What impact does my job have on my long-term disability policy?

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The nature of your work and your income are important factors in determining your policy premiums. People in manual labor will pay higher premiums per dollar of coverage than people in office-oriented work. Each insurer has an occupational manual with different categories. When you apply for a policy, you'll be assigned into an occupational category with a risk rating. If you change jobs and move into a less risky occupation, you can apply for a classification change and, possibly, a reduction in premium.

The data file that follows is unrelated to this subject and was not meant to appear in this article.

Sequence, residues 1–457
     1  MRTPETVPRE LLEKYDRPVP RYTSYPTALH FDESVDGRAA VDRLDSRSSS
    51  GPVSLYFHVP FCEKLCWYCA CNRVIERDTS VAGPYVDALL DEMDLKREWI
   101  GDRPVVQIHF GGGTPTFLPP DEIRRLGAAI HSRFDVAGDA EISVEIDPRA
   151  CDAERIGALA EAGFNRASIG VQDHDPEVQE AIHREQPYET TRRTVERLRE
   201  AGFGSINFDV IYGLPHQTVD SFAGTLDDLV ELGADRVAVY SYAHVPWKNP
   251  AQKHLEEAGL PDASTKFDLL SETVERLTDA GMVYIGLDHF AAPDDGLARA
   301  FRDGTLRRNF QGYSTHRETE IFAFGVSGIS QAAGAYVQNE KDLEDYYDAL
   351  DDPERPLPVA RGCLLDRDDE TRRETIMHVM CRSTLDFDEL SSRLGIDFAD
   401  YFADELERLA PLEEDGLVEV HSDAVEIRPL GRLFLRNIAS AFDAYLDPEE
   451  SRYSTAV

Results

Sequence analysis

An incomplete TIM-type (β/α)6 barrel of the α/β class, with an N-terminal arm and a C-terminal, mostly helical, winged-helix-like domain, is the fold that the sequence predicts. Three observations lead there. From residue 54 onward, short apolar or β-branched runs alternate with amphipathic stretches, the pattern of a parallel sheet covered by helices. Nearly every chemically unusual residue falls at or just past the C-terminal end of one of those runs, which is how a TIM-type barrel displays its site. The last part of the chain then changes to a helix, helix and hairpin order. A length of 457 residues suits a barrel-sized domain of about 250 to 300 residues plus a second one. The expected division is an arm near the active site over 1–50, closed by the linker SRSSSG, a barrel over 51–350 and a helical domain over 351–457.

Your job might also affect the definition of disability in your policy. An "own occupation" policy defines a disability as the inability to work at your regular occupation, even if you still might be able to work at another occupation. For example, a surgeon with hand tremors who takes a job as a medical school lecturer would be eligible for LTD benefits under an "own occupation" policy because he can't perform the duties of his own occupation (surgery). The other option is an "any occupation" policy - to qualify as disabled under this policy, you must be unable to work at any occupation. This is a harder policy for claiming benefits, but it's also usually less expensive than an "own occupation" policy. We recommend "own occupation" policies for most people, particularly those in specialized occupations.